The revised NIV will not use inclusive language for God, but it will use inclusive language in other places. Grammatical purists like me will be annoyed that the plural pronoun “they” will be used for singulars of unspecified gender. See Translation Notes, which lists other new readings. I’ll let tODD report the ones that caught his eye:

1 Peter 5:9
(NIV 1984) Resist him, standing firm in the faith, because you know that your brothers throughout the world are undergoing the same kind of sufferings.
(NIV 2011) Resist him, standing firm in the faith, because you know that the family of believers throughout the world is undergoing the same kind of sufferings.

James 5:7-9 (partial)
(NIV 1984) Be patient, then, brothers, until the Lord’s coming. … Don’t grumble against each other, brothers, or you will be judged. The Judge is standing at the door!
(NIV 2011) Be patient, then, brothers and sisters, until the Lord’s coming. … Don’t grumble against one another, brothers and sisters, or you will be judged. The Judge is standing at the door!

* ‟Saints” often becomes ‟God’s people,” ‟the Lord’s people,” ‟the Lord’s holy people” and the
like (as in Romans 8:27)
* Certain uses of ‟Christ” are now ‟Messiah.”
* Some occurrences of ‟Jews,” especially in John, have become ‟Jewish leaders” or something
similar.
* Most occurrences of ‟sinful nature” have become ‟flesh.”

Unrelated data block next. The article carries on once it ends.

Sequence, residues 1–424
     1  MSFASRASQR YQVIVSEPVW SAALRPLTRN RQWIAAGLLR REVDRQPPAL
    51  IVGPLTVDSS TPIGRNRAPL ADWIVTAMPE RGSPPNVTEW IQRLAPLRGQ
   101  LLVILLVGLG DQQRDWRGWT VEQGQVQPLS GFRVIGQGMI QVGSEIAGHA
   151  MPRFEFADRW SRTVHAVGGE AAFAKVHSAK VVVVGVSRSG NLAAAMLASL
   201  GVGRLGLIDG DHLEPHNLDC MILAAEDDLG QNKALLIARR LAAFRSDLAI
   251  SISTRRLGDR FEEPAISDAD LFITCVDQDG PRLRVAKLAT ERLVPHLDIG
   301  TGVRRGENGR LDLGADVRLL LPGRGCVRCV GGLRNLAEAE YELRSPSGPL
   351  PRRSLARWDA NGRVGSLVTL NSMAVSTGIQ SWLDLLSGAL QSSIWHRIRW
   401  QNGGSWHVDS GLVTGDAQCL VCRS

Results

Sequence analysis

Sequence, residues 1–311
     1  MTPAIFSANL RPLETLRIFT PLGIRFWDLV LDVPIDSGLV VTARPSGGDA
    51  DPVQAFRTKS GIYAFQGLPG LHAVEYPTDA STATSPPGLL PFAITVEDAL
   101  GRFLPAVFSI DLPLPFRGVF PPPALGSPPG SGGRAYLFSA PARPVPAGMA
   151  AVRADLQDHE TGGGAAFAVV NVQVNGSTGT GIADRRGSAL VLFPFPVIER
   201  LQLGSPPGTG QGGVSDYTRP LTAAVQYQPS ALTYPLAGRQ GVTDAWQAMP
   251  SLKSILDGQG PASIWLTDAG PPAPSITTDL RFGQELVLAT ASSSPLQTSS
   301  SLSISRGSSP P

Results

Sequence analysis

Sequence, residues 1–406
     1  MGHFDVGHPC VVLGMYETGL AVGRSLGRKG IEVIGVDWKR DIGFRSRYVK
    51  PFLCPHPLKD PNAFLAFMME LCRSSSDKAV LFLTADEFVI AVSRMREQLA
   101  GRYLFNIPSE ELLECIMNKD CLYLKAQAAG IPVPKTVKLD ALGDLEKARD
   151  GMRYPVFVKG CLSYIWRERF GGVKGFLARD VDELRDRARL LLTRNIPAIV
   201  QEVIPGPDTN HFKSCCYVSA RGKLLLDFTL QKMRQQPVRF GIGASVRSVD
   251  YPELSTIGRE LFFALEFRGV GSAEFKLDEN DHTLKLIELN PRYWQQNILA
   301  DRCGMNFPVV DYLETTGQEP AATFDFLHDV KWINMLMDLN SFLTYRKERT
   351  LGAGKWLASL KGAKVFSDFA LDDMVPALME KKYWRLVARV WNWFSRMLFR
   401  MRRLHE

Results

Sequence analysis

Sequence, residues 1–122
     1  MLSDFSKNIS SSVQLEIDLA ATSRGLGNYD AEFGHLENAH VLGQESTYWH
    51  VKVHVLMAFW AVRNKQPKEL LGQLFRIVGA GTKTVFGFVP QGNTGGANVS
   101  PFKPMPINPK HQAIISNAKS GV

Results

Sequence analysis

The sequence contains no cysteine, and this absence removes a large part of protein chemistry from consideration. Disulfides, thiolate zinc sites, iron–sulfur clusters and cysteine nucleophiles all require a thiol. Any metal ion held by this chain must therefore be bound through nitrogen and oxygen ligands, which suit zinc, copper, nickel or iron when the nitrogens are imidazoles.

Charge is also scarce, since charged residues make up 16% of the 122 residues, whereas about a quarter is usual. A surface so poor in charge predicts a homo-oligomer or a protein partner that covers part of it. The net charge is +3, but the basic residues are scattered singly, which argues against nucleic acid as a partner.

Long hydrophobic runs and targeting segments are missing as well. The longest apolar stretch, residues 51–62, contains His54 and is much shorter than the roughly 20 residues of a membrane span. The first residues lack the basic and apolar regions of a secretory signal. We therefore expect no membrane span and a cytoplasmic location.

Perhaps the most-changed verse, that I could find, was Malachi 2:16:
(NIV 1984) “I hate divorce,” says the LORD God of Israel, “and I hate a man’s covering himself[a]with violence as well as with his garment,” says the LORD Almighty. So guard yourself in your spirit, and do not break faith.
(NIV 2011) “The man who hates and divorces his wife,” says the LORD, the God of Israel, “does violence to the one he should protect,” says the LORD Almighty. So be on your guard, and do not be unfaithful.

There are some good changes, in my opinion, such as translating some passages that are ambiguous in the original languages so that they are still ambiguous in English, leaving room for various interpretations, instead of the translator taking a position and making it look like that is what the Bible says! (That, to me, is the bane of many modern translations.) But still there remains lots of interpretations for the sake of modern readers in place of simply rendering what these non-modern texts literally say, this being part of the translating philosophy of the NIV. Here too is that tendency in American evangelicalism to cut itself off from the church of the past (eliminating “saints”?). Not to mention the presumption of correcting the Bible’s “sexist” language.

It also looks like the new NIV will continue and maybe even intensify what most annoyed me about the old NIV: the utter tone-deaf resistance to metaphor, poetry, and beauty of language:

Psalm 23: 4: (NIV 1984) “Even though I walk through the valley of the shadow of death. . . ”
(NIV 2011) “Even though I walk through the darkest valley. . .”